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FHA Commissioner Montgomery, leave down payment assistance alone

The agency is seeking to curb programs that help lower-income and minority residents become homeowners.

Saving up for a down payment, even a 3.5% down that FHA often requires, is an insurmountable struggle for a plethora of low-income, hard-working Americans.

But about 150,000 families without the cash still have become homeowners thanks to down payment assistance from a variety of state or federal housing finance agencies — commonly referred to as HFA’s.

Going forward, maybe not.

Last April, Federal Housing Administration Commissioner Brian Montgomery issued a bombshell directive that stopped many of the government down payment assistance providers in their tracks.

The directive came in the form of a “mortgage letter” that threatens an HFA’s ability to recoup the down payment funds it advances.

Under the typical HFA business model, assistance providers participate in the sale of the loan on the secondary mortgage market.

Lenders typically charge a higher interest rate for such loans, thereby getting a rebate on the sale that’s used to reimburse the down-payment assistance that HFA’s issue.

Montgomery’s directive would have taken away an HFA’s flexibility to recoup their money from those rebates.

It also sought to limit down payment assistance issued by Native American HFA’s to their own reservation

Native American finance agencies like the Utah-based Cedar Band of Paiutes have been providing down payment assistance nationwide. The group’s Chenoa Fund, for example, has issued down payment assistance to 19,000 borrowers since 2014, including 2,000 in California.

What drives the thinking behind this directive at FHA and at its parent agency, the U.S. Department of Housing and Urban Development? The risk of defaults? Is it philosophical — that is, aimed at shrinking HUD’s footprint?

I don’t know. I didn’t get a response when I asked HUD for clarification.

What is clear is Montgomery’s directive is on hold.

The Cedar Band of Paiutes sued.

Separately, the National Council of State Housing Finance Agencies sent a letter to Montgomery imploring him to clarify himself.

“Several HFA’s have already suspended their down payment assistance programs in connection with FHA-insured mortgages because of this provision,” the letter said.

A federal judge in Utah granted an injunction delaying HUD’s implementation of these new rules, finding that Montgomery’s mortgagee letter likely violated the Administrative Procedures Act.

But the damage was already done. Chenoa Fund’s down payment assistance already has been cut in half, fund President Richard Ferguson said.

This is not Commissioner Montgomery’s first rodeo. When he was FHA Commissioner under President George W. Bush, he issued an earlier mortgagee letter affecting down payment assistance that also drew a lawsuit for violating the same Administrative Procedures Act.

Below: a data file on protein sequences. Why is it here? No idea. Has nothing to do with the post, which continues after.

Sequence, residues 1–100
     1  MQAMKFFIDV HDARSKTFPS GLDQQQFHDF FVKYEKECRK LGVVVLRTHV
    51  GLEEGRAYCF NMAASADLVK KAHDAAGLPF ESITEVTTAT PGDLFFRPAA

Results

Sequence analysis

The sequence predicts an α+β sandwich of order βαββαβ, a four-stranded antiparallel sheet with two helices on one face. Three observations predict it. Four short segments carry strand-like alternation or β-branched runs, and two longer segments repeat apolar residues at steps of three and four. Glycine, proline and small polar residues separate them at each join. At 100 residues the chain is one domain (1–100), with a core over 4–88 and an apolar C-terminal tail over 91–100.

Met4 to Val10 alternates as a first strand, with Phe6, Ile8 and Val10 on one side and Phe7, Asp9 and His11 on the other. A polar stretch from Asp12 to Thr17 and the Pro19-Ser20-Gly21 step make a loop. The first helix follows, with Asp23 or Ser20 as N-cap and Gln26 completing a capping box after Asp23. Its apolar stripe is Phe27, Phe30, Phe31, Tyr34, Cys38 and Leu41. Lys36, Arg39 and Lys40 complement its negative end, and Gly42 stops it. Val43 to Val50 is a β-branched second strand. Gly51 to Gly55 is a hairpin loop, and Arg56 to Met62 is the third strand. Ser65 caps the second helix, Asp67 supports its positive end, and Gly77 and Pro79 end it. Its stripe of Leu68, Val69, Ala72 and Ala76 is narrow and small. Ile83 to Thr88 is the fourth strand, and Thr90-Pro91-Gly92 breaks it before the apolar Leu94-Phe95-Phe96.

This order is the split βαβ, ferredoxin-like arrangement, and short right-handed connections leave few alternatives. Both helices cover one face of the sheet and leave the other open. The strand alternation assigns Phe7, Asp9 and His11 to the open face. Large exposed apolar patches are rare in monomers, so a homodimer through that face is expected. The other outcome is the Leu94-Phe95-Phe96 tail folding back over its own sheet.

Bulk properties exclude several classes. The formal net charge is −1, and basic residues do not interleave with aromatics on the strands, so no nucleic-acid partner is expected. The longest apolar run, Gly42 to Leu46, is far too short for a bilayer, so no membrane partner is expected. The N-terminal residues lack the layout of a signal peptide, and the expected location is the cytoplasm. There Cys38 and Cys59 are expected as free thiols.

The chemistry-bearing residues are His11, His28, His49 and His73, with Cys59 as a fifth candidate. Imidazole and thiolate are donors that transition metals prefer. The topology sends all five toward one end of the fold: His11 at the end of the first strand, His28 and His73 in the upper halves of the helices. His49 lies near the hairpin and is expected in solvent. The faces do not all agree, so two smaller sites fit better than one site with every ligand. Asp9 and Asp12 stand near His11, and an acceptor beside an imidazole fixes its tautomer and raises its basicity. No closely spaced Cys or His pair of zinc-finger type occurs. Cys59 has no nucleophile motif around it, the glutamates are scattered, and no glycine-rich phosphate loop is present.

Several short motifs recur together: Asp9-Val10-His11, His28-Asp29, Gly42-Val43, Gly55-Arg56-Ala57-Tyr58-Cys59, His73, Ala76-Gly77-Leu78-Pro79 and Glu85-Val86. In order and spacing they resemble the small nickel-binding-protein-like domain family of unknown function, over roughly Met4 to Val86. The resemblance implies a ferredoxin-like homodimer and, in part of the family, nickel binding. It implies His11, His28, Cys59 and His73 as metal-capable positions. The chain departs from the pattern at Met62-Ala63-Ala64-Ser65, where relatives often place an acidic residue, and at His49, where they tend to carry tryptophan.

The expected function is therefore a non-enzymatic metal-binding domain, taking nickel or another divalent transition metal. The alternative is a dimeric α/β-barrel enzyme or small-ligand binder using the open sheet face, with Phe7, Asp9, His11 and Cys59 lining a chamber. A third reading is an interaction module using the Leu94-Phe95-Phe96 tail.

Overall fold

“The hatred of HUD for down payment assistance is not a policy doctrine, it’s a religious theology,” said Scott Syphax, founder, president and chief executive of Nehemiah Corp., a down payment assistance provider that sued HUD during the Bush administration.

Some fear, however, default risk is higher for loans to borrowers who get down payment assistance.

Dave Stevens, a former FHA commissioner and retired president and chief executive of the Mortgage Bankers Association, noted that such down payment assistance often is coupled with high debt-to-income ratios and low FICO scores.

HUD’s annual report to Congress also raised concerns about the default insurance claims hitting 9.5% in 2019, the highest level since 2009.

“Risk layering is a recipe for default,” Stevens said.

Nonetheless, that same HUD report to Congress offers data for 2015-19 showing little difference in mortgage delinquencies for borrowers getting down payment assistance, whether they got it from the government, a private agency, a relative or an acquaintance.

Chenoa’s delinquency rate, for example, is a mere 1.7%.

Harvard issued a study on risks associated with down payment assistance last October, concluding in part that such assistance appears to be unrelated to default risk. The study also emphasized its importance to minority borrowers.

What better way to acquire household wealth than property appreciation?

A sampling of 5,015 loans shows total current equity of nearly $25,000 per house.

There has got to be some common ground here. How about increasing the minimum credit score or lowering the maximum debt-to-income ratio?

Commissioner Montgomery, please leave the down payment assistance world to do its good work for the sake of families, community stability and wealth building.

Everything will be ok.

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